Friday, May 15, 2009

Interrogation or Torture: How far departed are we from the Spanish Inquisition?

The sexy, political hot potato this week is parsing the definitions of interrogation, enhanced interrogation [techniques], and torture. First, let me state that I want my nation to be safe from enemies, foreign or domestic. In many ways, I pray that our Federal Government has in its arsenal a person of singular determination and purpose to protect our nation at any cost as a Jack Bauer in the TV series 24, played by actor Kiefer Sutherland. But I pray the most that our nation still has a soul, the ability to realize the cost of compromised values, and diminished national purpose.

How much longer will it take to quench our righteous anger for the attacks of September 11th? When will those that smeared the line between right and wrong realize that the justification of enhanced interrogation, some methods that are enhanced while others do equate to torture, in order to gather human intelligence have not yielded the results as advertised? Even the Christian Church during the Spanish Inquisition learned that many of their methods produced only the answers that would end the enhanced persuasive questioning or hasten death. This lesson was learned around 500 years ago, but obviously not very well.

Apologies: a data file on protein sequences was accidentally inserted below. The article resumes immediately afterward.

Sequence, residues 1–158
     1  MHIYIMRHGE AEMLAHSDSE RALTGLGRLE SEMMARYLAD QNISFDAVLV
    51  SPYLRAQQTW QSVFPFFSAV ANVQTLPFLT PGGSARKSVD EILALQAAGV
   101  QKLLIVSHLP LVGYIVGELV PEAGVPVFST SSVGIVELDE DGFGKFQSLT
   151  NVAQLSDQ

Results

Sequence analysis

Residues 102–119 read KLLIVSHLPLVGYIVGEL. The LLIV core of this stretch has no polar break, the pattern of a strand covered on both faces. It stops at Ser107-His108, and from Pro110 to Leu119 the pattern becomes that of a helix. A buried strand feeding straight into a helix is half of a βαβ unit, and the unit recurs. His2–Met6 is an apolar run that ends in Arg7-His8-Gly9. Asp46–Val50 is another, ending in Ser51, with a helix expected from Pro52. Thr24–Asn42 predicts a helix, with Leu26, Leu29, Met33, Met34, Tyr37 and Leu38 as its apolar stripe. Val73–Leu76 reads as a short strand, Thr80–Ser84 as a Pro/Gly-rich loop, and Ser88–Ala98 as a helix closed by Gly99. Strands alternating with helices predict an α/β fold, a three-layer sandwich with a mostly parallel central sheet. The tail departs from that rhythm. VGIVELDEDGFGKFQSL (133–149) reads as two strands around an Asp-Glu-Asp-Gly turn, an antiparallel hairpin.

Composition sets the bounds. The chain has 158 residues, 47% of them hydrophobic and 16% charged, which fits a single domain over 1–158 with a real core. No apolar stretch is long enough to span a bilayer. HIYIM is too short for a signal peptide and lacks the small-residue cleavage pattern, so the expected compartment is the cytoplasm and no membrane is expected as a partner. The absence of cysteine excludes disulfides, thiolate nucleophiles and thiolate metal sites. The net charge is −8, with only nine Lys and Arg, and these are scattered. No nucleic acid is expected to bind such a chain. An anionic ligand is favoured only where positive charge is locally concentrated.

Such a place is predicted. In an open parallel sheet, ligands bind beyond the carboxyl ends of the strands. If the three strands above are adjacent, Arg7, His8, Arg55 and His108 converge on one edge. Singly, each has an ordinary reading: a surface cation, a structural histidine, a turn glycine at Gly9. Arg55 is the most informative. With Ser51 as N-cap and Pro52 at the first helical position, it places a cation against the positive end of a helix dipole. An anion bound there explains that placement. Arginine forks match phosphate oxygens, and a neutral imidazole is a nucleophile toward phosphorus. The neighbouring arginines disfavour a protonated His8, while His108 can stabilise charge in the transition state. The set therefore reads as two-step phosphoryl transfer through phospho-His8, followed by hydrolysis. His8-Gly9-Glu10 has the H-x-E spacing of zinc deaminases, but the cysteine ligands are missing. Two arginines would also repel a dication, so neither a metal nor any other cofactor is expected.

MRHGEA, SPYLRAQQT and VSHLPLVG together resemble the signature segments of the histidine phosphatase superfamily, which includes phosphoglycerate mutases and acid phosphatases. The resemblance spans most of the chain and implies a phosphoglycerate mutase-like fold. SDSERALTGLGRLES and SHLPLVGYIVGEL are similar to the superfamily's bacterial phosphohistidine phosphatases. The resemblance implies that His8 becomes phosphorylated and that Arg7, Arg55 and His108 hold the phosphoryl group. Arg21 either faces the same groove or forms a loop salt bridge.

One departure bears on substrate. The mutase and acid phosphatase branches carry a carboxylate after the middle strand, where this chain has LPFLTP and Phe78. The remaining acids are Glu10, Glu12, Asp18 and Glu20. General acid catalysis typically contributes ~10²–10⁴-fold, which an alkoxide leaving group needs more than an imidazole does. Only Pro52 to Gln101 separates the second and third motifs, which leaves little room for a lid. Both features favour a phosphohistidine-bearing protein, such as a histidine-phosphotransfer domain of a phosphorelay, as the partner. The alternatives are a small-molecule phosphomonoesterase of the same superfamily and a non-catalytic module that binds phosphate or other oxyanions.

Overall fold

I was watching Larry King Live a few nights ago and former Minnesota Governor, Jessie “The Body” Ventura, was a guest. Prior to his Pro Wrestling and Political career, he served his country as a Navy SEAL. He went through the most intensive combat training known in modern warfare. Part of that training covered Survival, Evasion, Resistance, Escape or SERE Training. I would assume that the “Resistance” segment of the training involves having the trainees experience various forms of torture.

Former Governor and Navy SEAL Jessie Ventura identified waterboarding as one of the things he experienced during this training and classified it as torture. Some of the conversations I’ve been listening to during this debate on what constitutes torture, have tried to sanction the use of waterboarding as a legitimate enhanced interrogation technique because our military pilots and special forces experience it during SERE. We know that waterboarding is torture and the leaders of our military, covert intelligence community and government know this too.

The military personnel most likely to be in a situation where they could fall into enemy hand are put through this training because it is likely they will be tortured and they need to know how best to resist and endure these methods. This justification for enhanced interrogation methods that are torture, just because we train our own military how to cope with torture, is another example of compromised values among a long list of others.

I am in total disagreement with the position of Kevin Roberts in his Op-ed printed in the May 15th edition of the Roanoke Times. We cannot continue to compromise our values on this issue, which Mr. Robert is willing to do. Just like the lessons learned from rooting out heretics during the Spanish Inquisition, the effectiveness of torture to gain information produces less than reliable intelligence and can serve to strengthen the resolve of our enemies. In this way, we are not that far removed from the practices of torture during the Spanish Inquisition. Our methods are just more refined.

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